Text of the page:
In the 1891 constitution, a section was included that forbade anyone from holding any state office—including the office of governor—who had "either directly or indirectly, give[n], accept[ed] or knowingly carr[ied] a challenge to any person or persons to fight in single combat, with a citizen of this State, with a deadly weapon, either in or out of the State". This provision reflected the prevalence of duelling in the South at the time. Though anachronistic, the provision remains in the state constitution and the gubernatorial oath of office, which states:
|“||I do solemnly swear that I will support the Constitution of the United States and the Constitution of this Commonwealth, and be faithful and true to the Commonwealth of Kentucky so long as I continue to be a citizen thereof, and that I will faithfully execute, to the best of my ability, the office of Governor according to law; and I do further solemnly swear that since the adoption of the present Constitution, I, being a citizen of this state, have not fought a duel with deadly weapons within this state, nor out of it, nor have I sent or accepted a challenge to fight a duel with deadly weapons, nor have I acted as second in carrying a challenge, nor aided or assisted any person thus offending, so help me God."||”|
The governor's term has been for four years in all four state constitutions. The governor was not term-limited in the 1792 constitution, but in the 1799 constitution, the governor was made ineligible for re-election for seven years following the expiration of his term. The provision did not apply to then-sitting governor James Garrard, who was re-elected in 1799. In the 1850 constitution, the period of ineligibility following the expiration of the governor's term was shortened to four years, and it remained so in the 1891 constitution. In 1953, Governor Lawrence Wetherby lamented the challenges presented by the term limit coupled with biennial legislative sessions:
A Kentucky governor is elected under our constitution for four years without legal opportunity, regardless of how acceptable his program has been, to put it before the public for approval or rejection. In practical application he must successfully run the legislative gauntlet during the first hurried ninety days he is in office if he is to adopt a program and have an administration worthy of history's harsh pen. The remaining general assembly two years hence is invariably plagued with vicissitudes common to 'lame duck' tenures.
The idea of removing the gubernatorial term limit was first proposed in the 1850 constitutional convention, but was vigorously opposed by some of the state's best known statesmen of the day, including Archibald Dixon, Garrett Davis, Benjamin Hardin, and Charles A. Wickliffe. Not until 1992 was an amendment to the state constitution passed to help ameliorate the situation by making the governor eligible to succeed himself one time before becoming ineligible for four years. Succession amendments had been proposed and defeated during the administrations of John Y. Brown, Jr. and Wallace Wilkinson, but then-Governor Brereton Jones was able to see it passed because, unlike Brown and Wilkinson, he was willing to exempt the present incumbents, including himself, from the succession provision. Paul E. Patton, with victories in the elections of 1995 and 1999, was the first governor to be elected to consecutive terms since the 1992 amendment. Another constitutional amendment, passed in November 2000, called for a 30-day legislative session to be held in odd-numbered years between the longer 60-day sessions held in even-numbered years.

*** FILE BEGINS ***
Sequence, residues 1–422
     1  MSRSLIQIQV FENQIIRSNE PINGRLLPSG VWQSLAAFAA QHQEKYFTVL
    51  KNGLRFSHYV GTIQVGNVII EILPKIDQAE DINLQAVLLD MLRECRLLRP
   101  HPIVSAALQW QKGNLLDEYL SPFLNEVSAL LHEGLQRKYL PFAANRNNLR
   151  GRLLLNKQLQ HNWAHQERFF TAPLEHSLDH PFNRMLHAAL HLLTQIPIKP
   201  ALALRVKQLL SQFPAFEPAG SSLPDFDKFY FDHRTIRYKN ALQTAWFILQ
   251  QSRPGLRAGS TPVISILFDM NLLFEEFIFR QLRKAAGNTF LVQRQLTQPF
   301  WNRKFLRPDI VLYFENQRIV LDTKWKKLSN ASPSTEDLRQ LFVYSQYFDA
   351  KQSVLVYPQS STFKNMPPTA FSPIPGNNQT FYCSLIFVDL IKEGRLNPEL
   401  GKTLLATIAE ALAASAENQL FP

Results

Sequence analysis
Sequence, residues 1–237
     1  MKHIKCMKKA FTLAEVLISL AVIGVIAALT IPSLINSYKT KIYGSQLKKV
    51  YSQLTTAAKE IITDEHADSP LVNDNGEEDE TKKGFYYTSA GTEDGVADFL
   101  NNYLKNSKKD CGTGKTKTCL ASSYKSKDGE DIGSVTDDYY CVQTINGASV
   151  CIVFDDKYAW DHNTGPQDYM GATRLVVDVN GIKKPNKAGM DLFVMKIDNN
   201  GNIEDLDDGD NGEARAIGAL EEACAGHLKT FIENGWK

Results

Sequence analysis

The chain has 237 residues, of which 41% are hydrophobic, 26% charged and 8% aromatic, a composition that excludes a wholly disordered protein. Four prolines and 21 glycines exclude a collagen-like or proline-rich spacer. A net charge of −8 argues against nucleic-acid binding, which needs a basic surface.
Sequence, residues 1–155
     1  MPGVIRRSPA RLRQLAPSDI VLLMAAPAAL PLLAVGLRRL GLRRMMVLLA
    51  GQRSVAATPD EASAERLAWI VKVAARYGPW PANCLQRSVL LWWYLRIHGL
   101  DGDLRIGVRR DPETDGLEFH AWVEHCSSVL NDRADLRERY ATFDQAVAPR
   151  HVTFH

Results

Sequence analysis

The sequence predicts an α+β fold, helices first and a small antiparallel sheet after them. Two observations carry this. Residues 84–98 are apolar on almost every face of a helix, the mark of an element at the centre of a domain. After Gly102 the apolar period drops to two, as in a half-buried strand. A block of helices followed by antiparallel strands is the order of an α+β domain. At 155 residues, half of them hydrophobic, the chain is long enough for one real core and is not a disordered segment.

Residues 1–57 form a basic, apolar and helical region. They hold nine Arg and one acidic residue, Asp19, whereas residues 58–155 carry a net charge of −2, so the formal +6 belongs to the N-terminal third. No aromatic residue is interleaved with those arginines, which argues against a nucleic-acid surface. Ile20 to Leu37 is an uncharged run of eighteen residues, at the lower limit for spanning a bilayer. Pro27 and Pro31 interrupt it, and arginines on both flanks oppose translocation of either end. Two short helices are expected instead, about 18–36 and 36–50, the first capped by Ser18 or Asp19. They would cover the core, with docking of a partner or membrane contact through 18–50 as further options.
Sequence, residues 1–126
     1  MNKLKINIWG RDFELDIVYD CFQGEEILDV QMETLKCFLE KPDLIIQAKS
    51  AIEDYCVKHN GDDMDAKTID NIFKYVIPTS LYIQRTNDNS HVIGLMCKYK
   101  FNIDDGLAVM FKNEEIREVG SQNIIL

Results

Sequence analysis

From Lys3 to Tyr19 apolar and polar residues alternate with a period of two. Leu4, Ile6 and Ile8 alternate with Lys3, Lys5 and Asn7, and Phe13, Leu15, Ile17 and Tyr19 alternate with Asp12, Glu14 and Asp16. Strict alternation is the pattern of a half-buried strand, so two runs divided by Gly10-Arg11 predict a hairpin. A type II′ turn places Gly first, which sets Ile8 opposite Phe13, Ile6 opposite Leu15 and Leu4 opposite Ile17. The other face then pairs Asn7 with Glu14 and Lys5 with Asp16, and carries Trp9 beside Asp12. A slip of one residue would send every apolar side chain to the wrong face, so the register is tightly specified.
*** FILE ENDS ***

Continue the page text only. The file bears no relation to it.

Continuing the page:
In the 1792 constitution, the governor and state senators were chosen by electors, in a manner similar to the operation of the United States Electoral College. In the 1795 gubernatorial election, Benjamin Logan received 21 electoral votes, James Garrard received 17, Thomas Todd received 14, and John Brown received 1. The constitution did not specify whether election required a plurality or a majority of the electoral votes cast; in the absence of any instruction, the electors held a runoff vote, wherein most of Todd's electors voted for Garrard, giving him a majority. The secretary of state certified Garrard's election, though Attorney General John Breckinridge questioned the legality of the second vote and Logan formally protested it. Ultimately, Breckinridge determined that he was not empowered by the state constitution to intervene, and Logan gave up the challenge. The 1799 constitution changed the method of selecting the governor to direct election by majority vote and prescribed that, in the event of a tie vote, the governor would be chosen by lot in the Kentucky General Assembly. This provision has remained since 1799.
After the development of the party system, it became commonplace for political parties to choose their nominees for the office of governor via a nominating convention. Thomas Metcalfe was the first gubernatorial candidate chosen by a nominating convention; he was nominated by the National Republican Party at their convention in December 1827. Governor Ruby Laffoon, elected in 1931, was the last governor of Kentucky nominated by a convention. Laffoon's lieutenant governor, Happy Chandler, pushed the legislature to mandate party primaries, which they did in 1935. Party primaries remain required by law today. In 1992, the state constitution was amended to require candidates for governor and lieutenant governor to be nominated and elected as a ticket.
Kentucky is one of only five U.S. states to hold gubernatorial elections in odd-numbered years—commonly called an off-year election. Louisiana, Mississippi, Virginia, and New Jersey also hold off-year gubernatorial elections. The general election for governor and lieutenant governor is held on the first Tuesday after the first Monday in November. The governor and lieutenant governor are inaugurated on the fifth Tuesday after their election. This was changed from the fourth Tuesday after the election by the 1850 constitution.